Some solutions (like Zerto and Azure Site Recovery for VMware) offer a “near zero” RPO: the DR solution tries to satisfy a near zero RPO and will replicate all changes to the failover site. This is done asynchronously, so you don’t have a guarantee that the RPO of almost zero is actually achieved. This is contrast to synchronous replication which will mark a write as complete after it’s written to the primary and secondary site. Notice that this is not a discussion about the best option, is more about the characteristics of both options. Specifically Zerto provides an unique feature called journal based replication/protection. With the launch of version 5.0 they’re able to provide you a synchronization journal of the last 30 days (this used to be 15 days). This means you can recover to a point in time, which allows you to recover from a datacenter wide disaster but also from a database corruption, faulty upgrades and virus- or cryptoware outbreaks. Think about Zerto not only as a DR solution but also as a point-in-time backup/restore and DR solution.
A lower RPO will puts higher demands on the required bandwidth between the original and DR site. Especially when you have a IT environment with a high data change rate, you will face challenges. For example, if you have a server that is running a batch job several times a day that will change a lot of data, a near zero RPO solution has to replicate all these changes. Especially when the same data is changed over and over again, you’re replicating data again and again that is not used at the end of the day. And the end you might end up with a higher RPO than designed.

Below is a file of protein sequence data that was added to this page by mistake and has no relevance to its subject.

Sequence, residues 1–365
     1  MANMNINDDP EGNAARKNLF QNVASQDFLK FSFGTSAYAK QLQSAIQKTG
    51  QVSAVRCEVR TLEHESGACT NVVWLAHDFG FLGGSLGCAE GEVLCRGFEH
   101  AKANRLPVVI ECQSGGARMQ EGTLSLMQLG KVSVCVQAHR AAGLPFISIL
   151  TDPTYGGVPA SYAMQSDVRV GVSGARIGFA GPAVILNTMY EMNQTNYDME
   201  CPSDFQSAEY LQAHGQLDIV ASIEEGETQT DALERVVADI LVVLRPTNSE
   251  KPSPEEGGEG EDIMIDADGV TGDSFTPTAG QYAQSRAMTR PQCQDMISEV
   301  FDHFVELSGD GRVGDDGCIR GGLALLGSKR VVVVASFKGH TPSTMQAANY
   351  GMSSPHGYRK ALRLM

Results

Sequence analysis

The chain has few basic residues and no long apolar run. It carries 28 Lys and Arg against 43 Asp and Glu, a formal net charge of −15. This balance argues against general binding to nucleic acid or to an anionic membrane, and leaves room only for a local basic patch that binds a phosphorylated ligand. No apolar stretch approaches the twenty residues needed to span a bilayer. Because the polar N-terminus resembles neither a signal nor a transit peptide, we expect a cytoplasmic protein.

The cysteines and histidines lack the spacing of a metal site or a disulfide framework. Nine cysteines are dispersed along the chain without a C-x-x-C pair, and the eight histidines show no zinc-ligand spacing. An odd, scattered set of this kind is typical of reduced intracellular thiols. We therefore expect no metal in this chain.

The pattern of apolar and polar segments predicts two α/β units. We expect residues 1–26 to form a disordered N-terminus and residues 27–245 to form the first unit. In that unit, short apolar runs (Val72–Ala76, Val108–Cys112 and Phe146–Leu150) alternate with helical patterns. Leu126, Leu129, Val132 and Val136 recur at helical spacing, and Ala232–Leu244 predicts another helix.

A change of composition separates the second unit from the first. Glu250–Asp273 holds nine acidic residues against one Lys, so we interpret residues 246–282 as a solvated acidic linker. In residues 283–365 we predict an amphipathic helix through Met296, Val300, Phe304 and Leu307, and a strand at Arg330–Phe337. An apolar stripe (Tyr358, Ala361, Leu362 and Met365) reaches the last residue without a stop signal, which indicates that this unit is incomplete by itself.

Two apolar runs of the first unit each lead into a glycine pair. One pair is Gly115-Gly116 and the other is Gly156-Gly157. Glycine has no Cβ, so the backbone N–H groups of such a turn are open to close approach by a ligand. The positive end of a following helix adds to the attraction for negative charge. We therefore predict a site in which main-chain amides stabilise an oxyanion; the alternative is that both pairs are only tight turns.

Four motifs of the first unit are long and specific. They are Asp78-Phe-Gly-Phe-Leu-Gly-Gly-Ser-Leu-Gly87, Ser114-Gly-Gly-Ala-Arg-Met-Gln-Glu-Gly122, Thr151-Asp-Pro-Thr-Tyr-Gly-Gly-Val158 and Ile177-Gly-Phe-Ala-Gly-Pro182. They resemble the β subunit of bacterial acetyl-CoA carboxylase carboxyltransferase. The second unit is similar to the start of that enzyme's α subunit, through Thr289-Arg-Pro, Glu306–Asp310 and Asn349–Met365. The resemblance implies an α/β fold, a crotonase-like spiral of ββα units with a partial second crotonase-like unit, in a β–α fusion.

This scenario is different when you’ve configured an RPO of, let’s say, 4 hours (and you’re not using a near zero RPO strategy). If the batch job is running every hour and changing the same data over and over again, you’re DR solution will only replicate the result of the latest batch job. In this case it might be easier to satisfy the required RPO.